Behind Closed Doors by Hugo Vickers
My rating: 3 of 5 stars
I have some major issues with this book. I think the writing itself is quite good – but I fail to grasp the concept of having “the ending” first, and then go on to the early lives of the Duchess and Duke of Windsor.
If the two had been reversed, I think I would be left with a lot more positive feelings about the book – because Hugo Vickers writes well. But a lot of the minutiae that covers the first half of the book would (in my opinion) have been less tedious if we had read the last part of the book before we went on to read the first part of the book.
All through my reading of the first chapters I kept wishing that I’d known a bit more about the Duchess of Windsor before starting the read – as all the details of who is who, and footnotes felt excessive.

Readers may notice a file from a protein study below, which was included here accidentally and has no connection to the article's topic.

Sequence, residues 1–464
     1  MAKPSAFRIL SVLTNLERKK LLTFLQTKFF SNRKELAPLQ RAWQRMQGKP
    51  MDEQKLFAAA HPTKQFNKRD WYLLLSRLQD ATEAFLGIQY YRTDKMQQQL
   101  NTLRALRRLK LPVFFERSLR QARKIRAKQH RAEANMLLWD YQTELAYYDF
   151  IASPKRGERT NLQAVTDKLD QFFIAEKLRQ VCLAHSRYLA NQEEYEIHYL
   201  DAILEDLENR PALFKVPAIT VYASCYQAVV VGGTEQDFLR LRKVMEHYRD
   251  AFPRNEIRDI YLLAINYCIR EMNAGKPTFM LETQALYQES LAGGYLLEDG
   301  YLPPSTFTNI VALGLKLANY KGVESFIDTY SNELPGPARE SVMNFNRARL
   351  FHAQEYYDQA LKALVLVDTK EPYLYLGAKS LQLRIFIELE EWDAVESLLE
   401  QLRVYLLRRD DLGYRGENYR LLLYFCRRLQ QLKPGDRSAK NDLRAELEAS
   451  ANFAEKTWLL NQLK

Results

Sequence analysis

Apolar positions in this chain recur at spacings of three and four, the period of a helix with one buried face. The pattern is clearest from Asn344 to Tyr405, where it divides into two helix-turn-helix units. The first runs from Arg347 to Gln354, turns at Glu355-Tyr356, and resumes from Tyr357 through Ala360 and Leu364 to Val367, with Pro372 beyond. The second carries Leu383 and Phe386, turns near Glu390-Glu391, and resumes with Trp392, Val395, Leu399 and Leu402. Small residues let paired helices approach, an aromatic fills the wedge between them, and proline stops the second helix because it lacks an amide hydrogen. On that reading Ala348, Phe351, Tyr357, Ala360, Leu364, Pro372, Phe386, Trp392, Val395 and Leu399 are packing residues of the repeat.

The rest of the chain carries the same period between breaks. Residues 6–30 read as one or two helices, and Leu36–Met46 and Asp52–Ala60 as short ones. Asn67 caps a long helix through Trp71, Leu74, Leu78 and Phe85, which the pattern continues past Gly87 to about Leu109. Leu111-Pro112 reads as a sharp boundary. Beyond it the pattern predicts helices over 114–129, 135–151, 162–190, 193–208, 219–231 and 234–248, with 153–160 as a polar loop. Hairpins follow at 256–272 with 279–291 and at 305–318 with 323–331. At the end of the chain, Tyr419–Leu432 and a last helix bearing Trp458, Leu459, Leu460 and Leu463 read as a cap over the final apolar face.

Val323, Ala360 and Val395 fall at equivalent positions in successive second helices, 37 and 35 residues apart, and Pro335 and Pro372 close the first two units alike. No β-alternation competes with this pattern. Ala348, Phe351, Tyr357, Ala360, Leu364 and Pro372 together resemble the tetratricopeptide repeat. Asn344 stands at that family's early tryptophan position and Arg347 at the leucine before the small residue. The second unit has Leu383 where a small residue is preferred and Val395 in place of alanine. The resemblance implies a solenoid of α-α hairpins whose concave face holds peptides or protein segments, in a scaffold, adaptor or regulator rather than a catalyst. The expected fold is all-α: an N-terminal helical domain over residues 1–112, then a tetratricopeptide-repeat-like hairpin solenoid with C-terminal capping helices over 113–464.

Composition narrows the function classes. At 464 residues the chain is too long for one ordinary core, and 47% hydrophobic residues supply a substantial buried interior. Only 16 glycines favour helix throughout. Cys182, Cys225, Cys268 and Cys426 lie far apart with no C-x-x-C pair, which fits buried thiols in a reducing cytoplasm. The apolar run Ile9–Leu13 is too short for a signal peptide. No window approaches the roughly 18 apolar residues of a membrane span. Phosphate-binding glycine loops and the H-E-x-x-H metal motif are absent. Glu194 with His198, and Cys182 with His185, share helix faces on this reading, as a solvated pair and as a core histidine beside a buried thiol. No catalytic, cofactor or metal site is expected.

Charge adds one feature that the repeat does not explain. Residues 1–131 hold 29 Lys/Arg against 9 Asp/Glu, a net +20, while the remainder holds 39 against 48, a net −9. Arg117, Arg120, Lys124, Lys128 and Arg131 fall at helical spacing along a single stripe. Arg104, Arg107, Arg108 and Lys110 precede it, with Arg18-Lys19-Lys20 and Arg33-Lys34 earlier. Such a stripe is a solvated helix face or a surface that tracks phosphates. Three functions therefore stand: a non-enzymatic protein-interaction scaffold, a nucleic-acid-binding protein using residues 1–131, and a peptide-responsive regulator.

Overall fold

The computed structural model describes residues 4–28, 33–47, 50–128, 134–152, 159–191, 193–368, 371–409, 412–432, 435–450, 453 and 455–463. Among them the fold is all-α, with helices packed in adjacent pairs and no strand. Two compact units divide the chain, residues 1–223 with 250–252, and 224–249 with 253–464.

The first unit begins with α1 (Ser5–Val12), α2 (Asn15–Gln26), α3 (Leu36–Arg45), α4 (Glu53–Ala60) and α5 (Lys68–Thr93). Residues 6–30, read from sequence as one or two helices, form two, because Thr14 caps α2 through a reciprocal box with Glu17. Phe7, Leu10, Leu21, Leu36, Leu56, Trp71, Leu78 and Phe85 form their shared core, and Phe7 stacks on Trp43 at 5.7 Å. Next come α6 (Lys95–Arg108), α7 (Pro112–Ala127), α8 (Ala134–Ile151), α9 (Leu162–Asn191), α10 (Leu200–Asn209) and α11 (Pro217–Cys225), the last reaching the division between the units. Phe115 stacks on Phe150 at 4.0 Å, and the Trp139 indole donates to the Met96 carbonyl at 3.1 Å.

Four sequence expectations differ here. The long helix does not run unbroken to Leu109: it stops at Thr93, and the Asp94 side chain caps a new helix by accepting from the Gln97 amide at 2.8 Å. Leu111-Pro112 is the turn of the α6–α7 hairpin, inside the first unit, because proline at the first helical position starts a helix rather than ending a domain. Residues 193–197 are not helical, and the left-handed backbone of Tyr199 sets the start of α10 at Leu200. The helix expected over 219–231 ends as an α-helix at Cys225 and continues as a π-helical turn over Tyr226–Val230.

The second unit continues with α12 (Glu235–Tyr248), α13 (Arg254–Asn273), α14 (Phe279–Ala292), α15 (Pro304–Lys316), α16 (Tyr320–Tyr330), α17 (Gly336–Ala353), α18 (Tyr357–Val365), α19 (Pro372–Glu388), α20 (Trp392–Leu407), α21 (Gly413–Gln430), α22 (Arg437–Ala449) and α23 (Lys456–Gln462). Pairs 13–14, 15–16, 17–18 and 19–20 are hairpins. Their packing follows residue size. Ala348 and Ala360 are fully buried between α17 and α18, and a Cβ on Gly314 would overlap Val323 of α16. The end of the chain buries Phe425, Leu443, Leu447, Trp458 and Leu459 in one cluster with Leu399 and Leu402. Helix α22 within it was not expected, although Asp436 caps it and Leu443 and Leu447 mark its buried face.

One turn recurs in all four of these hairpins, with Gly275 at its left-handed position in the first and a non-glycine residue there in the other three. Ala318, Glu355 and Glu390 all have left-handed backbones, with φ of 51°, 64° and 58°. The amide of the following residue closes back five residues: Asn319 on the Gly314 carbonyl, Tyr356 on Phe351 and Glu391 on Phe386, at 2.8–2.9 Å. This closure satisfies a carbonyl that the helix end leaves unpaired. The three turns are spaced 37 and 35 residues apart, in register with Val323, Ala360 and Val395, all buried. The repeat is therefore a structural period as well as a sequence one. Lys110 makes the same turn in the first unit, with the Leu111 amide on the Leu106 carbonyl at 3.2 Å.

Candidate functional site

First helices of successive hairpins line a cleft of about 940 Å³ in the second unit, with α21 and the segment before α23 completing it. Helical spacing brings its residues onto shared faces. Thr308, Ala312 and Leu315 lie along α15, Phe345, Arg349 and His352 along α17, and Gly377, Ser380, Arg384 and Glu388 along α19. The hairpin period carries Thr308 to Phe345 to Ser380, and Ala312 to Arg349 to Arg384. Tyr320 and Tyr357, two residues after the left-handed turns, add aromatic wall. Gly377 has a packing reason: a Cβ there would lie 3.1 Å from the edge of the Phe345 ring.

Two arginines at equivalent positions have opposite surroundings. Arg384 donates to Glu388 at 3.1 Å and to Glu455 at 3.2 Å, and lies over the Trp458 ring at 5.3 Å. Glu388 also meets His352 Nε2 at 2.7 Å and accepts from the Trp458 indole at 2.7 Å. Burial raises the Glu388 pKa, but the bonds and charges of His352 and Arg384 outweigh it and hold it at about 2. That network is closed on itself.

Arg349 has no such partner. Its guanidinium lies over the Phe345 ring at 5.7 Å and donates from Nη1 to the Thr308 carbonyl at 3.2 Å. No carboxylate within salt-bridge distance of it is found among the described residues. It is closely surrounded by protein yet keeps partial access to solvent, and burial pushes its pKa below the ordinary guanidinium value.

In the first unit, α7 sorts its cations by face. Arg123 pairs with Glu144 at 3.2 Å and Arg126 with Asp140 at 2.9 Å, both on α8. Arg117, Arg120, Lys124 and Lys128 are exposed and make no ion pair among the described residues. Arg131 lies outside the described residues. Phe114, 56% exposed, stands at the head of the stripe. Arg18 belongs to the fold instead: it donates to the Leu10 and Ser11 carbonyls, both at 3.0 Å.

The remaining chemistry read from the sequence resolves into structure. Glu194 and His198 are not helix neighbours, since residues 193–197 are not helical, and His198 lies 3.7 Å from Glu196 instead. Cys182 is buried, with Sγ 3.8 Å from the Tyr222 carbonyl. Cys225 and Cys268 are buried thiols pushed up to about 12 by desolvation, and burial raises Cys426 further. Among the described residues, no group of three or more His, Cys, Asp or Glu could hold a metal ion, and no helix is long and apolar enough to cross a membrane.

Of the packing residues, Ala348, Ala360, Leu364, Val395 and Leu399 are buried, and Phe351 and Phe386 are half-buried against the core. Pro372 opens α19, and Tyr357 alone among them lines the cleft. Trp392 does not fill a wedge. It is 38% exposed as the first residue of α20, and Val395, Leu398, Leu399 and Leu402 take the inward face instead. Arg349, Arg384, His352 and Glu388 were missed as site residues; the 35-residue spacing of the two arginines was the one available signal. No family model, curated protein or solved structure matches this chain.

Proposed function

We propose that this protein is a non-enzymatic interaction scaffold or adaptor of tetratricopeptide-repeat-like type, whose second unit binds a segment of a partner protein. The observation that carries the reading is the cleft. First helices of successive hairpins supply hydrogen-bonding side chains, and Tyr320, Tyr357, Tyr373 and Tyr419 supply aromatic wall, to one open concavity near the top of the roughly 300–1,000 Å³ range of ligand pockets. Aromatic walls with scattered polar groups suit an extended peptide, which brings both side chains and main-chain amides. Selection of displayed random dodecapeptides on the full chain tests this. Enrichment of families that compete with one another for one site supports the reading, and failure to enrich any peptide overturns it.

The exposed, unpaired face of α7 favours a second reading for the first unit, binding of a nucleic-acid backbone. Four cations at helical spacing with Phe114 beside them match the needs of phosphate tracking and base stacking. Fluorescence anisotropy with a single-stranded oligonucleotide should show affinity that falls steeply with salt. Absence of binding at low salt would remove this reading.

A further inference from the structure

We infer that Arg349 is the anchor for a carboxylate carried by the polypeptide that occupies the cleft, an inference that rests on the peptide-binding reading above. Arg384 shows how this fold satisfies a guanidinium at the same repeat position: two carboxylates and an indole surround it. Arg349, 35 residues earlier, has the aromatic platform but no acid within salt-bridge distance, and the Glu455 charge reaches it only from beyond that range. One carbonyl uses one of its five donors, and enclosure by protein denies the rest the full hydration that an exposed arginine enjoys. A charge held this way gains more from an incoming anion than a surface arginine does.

Vickers met with several of the staff of the couple throughout the years, and is clearly a bit biased towards the Duke and Duchess of Windsor, explained with a long fascination, but it does not feel like he is overly subjective in his writing. Although considerably more positive than a lot of other biographies covering the subject in their time.
There were some revelations that I thought were interesting, especially in the view that the Duchess of Windsor has been painted in her time – that she stole the King away. Whereas, it turns out, through his letters when he was the Prince of Wales – long before he met Wallis Simpson – that he really wished he could throw it all away, and was not all that keen on being the PoW or the King.
Also the fact that Wallis Simpson herself did not necessarily want to be married to him, or that he should give away the throne for her. It was much more interesting for her to have an affair with him, and be in the social circle of the Prince of Wales and later the King than to be married and in exile.
It’s also rather telling that he wished that he could live in the States or Canada and had hoped for that after they married, but she was an American who would much rather live in France than at home.